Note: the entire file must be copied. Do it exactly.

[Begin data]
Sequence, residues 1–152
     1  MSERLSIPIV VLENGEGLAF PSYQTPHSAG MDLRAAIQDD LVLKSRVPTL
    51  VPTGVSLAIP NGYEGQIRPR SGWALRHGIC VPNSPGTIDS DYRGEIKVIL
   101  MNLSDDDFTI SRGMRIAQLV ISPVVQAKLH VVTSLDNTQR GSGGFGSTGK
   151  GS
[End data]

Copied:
Sequence, residues 1–152
     1  MSERLSIPIV VLENGEGLAF PSYQTPHSAG MDLRAAIQDD LVLKSRVPTL
    51  VPTGVSLAIP NGYEGQIRPR SGWALRHGIC VPNSPGTIDS DYRGEIKVIL
   101  MNLSDDDFTI SRGMRIAQLV ISPVVQAKLH VVTSLDNTQR GSGGFGSTGK
   151  GS